Post by Tate Rider, Manal Dia, Aaswath Raman, and Kara Downey
As we moved into the next phase of ideation and prototyping, we finally got to take all the knowledge accumulated over the last few weeks and move to more practical discussions of what might actually work for our user.
In the ideation phase, our first challenge was to juggle between choosing ideas with the potential for wider applicability, while not moving too quickly to too broad of a systems level solutions. Keeping our user in mind and the specific need/insight we had identified up front were essential for this process. Rather than meeting a need for a faceless villager in Sierra Leone, we had to keep reminding ourselves to focus on a need for our chosen user: an activist landowner ready to fight for change that lacked the tools to receive a meaningful response to complaints. There was a real temptation to come up great sounding ideas, only to realize that it ignored the nuances and insights we had come up with regarding our specific user and need.
We also struggled with what constraints we needed to place on ourselves at this stage. Questions that might be readily answerable in a community we were more familiar with became real stumbling blocks in our ideation phase. Our group struggled with questions like “how much do SMS cost?” to “is the media going to actually report on this?” to “how is the traditional hierarchy likely to react?” We found ourselves regularly going back to our Sierra Leone expert to try to get a better sense of how “realistic” our ideas were.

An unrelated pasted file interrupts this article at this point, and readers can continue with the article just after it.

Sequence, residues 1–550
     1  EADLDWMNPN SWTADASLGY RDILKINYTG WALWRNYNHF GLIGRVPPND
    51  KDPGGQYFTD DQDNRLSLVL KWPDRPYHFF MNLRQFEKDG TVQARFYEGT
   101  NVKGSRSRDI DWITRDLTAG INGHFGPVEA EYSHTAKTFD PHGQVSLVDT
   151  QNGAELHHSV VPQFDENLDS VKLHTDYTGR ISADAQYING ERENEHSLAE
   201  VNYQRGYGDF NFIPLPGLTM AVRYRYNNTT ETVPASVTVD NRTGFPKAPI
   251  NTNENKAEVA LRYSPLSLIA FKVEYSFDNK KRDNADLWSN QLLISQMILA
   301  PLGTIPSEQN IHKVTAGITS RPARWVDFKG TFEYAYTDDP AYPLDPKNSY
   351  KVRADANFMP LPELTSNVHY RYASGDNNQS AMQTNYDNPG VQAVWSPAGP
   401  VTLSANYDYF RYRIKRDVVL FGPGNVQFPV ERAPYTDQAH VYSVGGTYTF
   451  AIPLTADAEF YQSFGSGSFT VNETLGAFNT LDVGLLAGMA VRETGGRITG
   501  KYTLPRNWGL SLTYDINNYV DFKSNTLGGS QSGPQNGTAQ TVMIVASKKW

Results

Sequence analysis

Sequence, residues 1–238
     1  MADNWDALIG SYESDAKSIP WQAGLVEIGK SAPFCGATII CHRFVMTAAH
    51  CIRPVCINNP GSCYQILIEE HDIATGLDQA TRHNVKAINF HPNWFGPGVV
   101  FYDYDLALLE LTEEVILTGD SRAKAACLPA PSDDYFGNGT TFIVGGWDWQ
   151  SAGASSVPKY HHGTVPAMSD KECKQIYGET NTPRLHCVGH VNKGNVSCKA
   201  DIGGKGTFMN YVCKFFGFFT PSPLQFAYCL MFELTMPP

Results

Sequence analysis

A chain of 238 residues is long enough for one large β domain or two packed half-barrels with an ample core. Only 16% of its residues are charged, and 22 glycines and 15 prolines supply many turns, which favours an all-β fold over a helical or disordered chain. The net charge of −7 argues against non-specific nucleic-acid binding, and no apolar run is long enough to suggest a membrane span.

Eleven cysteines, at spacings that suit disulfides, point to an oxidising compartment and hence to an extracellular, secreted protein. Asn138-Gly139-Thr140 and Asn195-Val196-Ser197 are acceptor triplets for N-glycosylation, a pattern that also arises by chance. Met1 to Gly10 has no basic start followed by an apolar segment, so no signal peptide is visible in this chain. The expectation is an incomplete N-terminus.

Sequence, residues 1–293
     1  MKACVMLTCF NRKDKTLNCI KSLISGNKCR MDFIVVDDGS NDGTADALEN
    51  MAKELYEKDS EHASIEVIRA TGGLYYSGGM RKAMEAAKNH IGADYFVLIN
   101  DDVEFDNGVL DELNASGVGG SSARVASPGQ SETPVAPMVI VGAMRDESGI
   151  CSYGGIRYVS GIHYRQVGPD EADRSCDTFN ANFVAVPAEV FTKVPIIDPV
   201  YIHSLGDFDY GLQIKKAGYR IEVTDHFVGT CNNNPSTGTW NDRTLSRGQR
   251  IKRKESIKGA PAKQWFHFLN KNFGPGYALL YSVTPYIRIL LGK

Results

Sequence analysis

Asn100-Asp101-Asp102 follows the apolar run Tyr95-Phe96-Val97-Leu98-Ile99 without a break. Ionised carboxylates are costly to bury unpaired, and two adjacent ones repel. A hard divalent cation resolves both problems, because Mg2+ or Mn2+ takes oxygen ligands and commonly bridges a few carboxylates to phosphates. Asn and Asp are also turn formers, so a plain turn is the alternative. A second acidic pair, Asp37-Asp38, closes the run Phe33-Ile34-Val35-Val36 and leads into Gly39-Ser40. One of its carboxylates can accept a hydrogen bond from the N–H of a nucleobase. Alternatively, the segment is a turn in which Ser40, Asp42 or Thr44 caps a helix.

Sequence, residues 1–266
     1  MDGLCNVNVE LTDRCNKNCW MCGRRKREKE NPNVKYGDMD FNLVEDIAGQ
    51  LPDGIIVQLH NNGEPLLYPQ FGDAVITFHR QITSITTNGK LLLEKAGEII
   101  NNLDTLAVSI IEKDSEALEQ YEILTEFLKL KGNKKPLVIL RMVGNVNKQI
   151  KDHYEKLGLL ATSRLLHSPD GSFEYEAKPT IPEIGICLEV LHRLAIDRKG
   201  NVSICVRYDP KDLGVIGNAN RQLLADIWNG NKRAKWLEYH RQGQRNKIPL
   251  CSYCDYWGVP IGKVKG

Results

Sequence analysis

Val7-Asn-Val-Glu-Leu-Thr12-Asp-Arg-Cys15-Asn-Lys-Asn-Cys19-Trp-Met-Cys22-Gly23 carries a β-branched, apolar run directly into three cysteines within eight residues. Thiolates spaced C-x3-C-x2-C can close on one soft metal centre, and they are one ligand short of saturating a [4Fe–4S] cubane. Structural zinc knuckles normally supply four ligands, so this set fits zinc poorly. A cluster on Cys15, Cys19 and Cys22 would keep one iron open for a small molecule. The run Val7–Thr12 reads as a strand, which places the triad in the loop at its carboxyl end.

Finally, we struggled with how “game-changing” of an idea we needed to come up with. The design process at Stanford is famed for creating incredibly innovative solutions, whether it’s portable sleeping bags made from low cost materials that keep infants warm or new designs of refugee camps to improve health and sanitation. Our solutions often felt less revolutionary than those, and we struggled with balancing our desire for innovation and breakthrough ideas with the more practical realities of life on the ground.
Ultimately, the breakthrough on all these challenges came through both using various tools that helped us better map our need (like a mind map) as well as a realization that the design process is not meant to create a perfect model right off the bat. In fact, it’s designed for exactly the opposite. The goal was not innovation (in an of itself) or a 100% success rate for every prototype, but rather engaging in a process that ultimately helps meet a need in the community that will actually be used by the community. To do that, we had to create a lot of prototypes to know if the final prototype would ever actually be used. We were just in the initial phases still.
Whether it’s because of our previous training in more systems level thinking learned from our time in government or development, or just a general fear of failure, many of our default impulses were to think our idea was too simple, or too impossible, or too out of touch. But the beauty of the design process is that it allows those fears to be tossed aside because of the multiple iterations allowed before unveiling a final idea.
It’s exciting to see this process come together, and our group has renewed confident that our ideas will help add to the innovation already underway in Sierra Leone to help give a voice to these communities.